Tanner Williams Part 1
Originally Published Dec. 14, 2005
Thomas Williams can't walk into his son's room and experience joy.
He did once. But not today.
For seven months, he and his wife Jennifer did the things that young married couple's do to prepare for the arrival of a newborn. In their Prattville home, they painted a room in shades of blue and brought baby clothes and toys and diapers and did everything they were supposed to do in anticipation of the big day.
Awaiting the birth of their first child, they were excited.
“We were ready to be parents,” said Thomas, a Greenville native.
Tanner Williams was born on Nov. 19, 2004, two months before his actual expected birthday. Since then, Tanner has had three open-heart surgeries and spent his life under constant supervision in a hospital, either at the University of Alabama-Birmingham or under special care at the Children's Hospital in Boston. He lives through a ventilator because his lungs were not fully developed at birth. He was born with Atrioventricular Canal Defect, which means he has holes in his heart thus the number of subsequent surgeries; an attempt to repair what nature did not to finish.
Thomas was hopeful he would have his son - and Jennifer, who since has been with Tanner in Boston since November - home for Christmas. But because of the travel costs that won't be the case. Thomas said he would spend the majority of the holidays alone and think of his son fighting to live 1400 miles away.
“The holidays are the worst,” he said. “I've walked in my son's room. I can't walk in there very much. I don't have any decorations up. I don't have a Christmas tree up. I'll buy gifts but they'll be here waiting for Tanner and Jennifer.”
Thomas, who works as a sales representative, said it's difficult to keep his mind on work issues throughout the day because his thoughts are never far from Tanner. He has exhausted his vacation time and while 80 percent of Tanner's medical bills are covered by insurance that still leaves thousands of dollars the family is responsible for.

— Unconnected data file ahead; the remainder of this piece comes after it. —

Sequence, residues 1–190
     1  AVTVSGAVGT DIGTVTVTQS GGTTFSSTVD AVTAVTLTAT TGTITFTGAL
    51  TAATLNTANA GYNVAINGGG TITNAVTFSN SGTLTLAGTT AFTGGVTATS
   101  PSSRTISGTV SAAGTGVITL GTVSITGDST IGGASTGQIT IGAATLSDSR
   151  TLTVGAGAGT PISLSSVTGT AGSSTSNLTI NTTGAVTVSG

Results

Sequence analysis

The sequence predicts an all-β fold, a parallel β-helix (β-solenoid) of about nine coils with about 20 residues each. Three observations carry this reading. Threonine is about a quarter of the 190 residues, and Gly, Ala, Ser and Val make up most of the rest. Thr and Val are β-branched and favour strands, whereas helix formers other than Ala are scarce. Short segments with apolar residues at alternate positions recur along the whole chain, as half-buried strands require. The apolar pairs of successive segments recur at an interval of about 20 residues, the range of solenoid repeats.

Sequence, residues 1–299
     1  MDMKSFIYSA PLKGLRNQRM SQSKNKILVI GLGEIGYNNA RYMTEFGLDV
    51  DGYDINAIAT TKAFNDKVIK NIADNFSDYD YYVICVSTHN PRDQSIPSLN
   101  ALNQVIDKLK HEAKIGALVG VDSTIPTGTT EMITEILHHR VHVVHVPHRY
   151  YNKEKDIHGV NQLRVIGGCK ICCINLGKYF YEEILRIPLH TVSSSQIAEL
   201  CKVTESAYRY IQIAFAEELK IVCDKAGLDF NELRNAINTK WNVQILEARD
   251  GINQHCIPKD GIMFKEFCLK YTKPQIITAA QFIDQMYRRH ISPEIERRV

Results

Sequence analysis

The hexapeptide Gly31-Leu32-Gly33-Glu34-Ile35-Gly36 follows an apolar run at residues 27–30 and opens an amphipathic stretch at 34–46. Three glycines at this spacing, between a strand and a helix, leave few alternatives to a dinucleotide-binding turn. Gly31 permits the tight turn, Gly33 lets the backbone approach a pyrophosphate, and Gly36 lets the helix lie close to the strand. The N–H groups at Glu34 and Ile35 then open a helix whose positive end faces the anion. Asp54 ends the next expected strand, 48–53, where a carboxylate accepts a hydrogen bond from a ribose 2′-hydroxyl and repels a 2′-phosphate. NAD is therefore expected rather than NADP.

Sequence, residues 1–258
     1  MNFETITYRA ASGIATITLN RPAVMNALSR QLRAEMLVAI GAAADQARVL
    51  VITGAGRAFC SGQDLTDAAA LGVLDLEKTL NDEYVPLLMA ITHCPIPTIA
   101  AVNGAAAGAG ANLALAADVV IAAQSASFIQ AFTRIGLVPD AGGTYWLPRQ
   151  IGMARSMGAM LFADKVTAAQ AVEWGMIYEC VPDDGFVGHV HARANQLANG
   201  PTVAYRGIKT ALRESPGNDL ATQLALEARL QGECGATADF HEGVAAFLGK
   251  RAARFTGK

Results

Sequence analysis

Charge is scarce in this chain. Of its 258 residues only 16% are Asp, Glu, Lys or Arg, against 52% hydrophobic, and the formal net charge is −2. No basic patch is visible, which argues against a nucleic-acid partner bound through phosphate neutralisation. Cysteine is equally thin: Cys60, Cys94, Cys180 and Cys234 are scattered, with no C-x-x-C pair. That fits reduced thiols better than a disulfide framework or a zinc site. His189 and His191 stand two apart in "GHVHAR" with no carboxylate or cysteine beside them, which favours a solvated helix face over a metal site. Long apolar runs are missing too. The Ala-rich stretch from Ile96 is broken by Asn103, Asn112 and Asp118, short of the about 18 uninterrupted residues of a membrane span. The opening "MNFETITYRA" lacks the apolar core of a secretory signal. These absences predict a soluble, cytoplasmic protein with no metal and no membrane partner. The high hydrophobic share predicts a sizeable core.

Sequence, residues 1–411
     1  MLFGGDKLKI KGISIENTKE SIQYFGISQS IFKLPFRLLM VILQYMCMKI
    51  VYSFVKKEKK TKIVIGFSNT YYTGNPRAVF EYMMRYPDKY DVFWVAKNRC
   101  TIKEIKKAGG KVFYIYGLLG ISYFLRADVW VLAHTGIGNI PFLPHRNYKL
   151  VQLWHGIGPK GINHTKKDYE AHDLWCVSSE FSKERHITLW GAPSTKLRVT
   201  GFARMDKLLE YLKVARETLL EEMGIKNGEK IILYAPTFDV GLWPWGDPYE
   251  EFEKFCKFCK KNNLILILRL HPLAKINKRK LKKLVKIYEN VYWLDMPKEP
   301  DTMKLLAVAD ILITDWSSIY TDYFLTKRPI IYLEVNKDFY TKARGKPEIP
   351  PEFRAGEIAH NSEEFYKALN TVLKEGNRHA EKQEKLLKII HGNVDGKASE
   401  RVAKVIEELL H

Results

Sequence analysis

“I know I have to provide for my family,” he said. “I go to work. I come home to an empty house. I come home and do nothing. I sit here and do nothing.”
Thomas professes an undying faith in God, but sometimes he does question the reason for Tanner's struggle.
“I know I'm not the only parent in the country going through this,” he said. “It feels like God's picking on me or something. But I know that's not the case. If it weren't for God's strength, I wouldn't have made it. This is the hardest. It tears your soul.”
And each of Tanner's surgeries, Thomas said, takes a piece of his heart. Because of Tanner's delicate condition, Thomas said he and his wife have only been able to hold their son a few times since his birth.
“He doesn't know I'm his dad,” said Thomas. “We haven't been able to do the things with him that other parents do.”
Jennifer constantly updates Thomas on Tanner's condition with frequently emailed photographs and phone calls. For the holidays, she placed a red Santa Claus hat on Tanner's head and snapped a photo. Tubes snake into his tiny nostrils. His shallow chest is heavily bandaged and the ventilator is inserted at his neck, through a trachea tube.
But he's smiling in one. He's giggling in another. He looks like a little boy with his whole life in front of him.
“He's a fighter,” said his father. “He's got a lot of fight in him. You can tell he wants to live.”